Of the 400 million tonnes of plastics produced each year according to OECD estimates, around a third are polyethylenes.

Derived from petrochemicals, simple and inexpensive to manufacture, they are particularly widely used for packaging.

The UN, which describes plastic pollution as a global scourge, recently launched negotiations for the development of an international treaty intended to reduce this phenomenon.

The fact that certain enzymes can attack plastic materials was already documented, but over long periods of time.

However, according to the work of a team of Spanish researchers, published in Nature Communications, two enzymes present in the saliva of the larvae of the wax moth (galleria mellonella) attack polyethylene in just a few hours at a temperature ambient.

Federica Bertocchini, from the Center for Biological Studies Margarita Salas in Madrid, lead author of the study and amateur beekeeper, explained that she had the idea for this research by cleaning hives stored for the winter and whose wax combs had been colonized by these larvae.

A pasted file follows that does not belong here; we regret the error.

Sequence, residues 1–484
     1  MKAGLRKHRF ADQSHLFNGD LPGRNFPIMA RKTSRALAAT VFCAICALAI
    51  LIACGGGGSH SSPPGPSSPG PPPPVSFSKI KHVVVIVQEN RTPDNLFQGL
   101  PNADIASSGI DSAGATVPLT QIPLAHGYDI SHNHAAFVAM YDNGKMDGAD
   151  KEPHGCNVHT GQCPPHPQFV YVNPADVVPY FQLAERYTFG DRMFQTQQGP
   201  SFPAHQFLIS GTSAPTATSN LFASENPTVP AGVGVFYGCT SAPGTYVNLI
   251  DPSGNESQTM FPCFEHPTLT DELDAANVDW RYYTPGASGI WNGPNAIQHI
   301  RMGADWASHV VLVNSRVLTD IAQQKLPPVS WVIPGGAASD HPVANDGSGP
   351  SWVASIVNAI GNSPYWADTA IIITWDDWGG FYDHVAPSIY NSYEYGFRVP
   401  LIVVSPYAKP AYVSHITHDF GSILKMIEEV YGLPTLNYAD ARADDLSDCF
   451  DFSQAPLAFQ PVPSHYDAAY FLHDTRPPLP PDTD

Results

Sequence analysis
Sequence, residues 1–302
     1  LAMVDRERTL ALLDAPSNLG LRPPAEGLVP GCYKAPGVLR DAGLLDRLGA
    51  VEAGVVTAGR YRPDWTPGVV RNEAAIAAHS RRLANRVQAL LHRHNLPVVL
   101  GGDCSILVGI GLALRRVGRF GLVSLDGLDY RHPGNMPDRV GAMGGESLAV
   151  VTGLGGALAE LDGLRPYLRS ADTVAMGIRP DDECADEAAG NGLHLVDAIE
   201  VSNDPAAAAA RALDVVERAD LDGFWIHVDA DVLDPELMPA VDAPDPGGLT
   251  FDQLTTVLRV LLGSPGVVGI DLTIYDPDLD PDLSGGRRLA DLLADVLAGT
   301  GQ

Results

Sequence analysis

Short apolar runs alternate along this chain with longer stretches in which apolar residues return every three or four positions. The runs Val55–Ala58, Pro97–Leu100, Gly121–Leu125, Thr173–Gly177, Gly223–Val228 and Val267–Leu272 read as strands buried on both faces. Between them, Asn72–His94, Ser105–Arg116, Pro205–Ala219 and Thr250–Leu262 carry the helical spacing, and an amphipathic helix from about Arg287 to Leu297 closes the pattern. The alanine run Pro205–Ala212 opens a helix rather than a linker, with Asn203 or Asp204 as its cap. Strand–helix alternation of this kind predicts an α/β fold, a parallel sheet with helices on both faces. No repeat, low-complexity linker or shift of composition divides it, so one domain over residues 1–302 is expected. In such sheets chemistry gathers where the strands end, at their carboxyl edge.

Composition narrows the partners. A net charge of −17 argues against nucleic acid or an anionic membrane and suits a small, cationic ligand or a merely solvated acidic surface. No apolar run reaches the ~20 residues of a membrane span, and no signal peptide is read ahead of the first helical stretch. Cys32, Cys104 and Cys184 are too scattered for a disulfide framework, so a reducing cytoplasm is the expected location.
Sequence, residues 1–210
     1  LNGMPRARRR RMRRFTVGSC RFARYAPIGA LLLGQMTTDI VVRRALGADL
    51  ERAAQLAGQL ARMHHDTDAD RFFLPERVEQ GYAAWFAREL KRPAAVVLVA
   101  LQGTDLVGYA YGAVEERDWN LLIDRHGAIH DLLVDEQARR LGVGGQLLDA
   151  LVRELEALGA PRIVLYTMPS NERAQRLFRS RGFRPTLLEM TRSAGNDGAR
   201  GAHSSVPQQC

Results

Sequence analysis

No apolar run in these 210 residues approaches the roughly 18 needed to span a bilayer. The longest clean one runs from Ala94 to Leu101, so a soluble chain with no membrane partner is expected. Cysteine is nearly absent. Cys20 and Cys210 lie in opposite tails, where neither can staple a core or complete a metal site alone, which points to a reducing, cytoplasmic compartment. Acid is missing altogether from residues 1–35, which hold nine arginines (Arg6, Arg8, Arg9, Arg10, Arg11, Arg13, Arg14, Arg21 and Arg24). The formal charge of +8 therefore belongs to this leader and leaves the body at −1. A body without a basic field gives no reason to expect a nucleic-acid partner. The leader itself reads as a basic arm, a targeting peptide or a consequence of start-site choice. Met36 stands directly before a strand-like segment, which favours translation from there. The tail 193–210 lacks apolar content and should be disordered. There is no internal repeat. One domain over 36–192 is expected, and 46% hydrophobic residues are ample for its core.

Having cleaned the hives, she put the larvae in a plastic bag and found shortly after that it was "full of holes".

"The question was, do they (the larvae) eat it or is there a chemical process? We checked in the lab and found that the polyethylene had been oxidized," she explained to the AFP.

Many additional studies and experiments will be necessary to fully understand the process before considering a concrete application of the discovery, the researchers point out.

But Federica Bertocchini is already imagining different avenues of use against plastic pollution.

"The enzymes could be integrated into a liquid solution and poured onto plastic in the recycling center", or be used in isolated places where collection or recycling are difficult, or even ultimately in individual households to degrade their own waste.

© 2022 AFP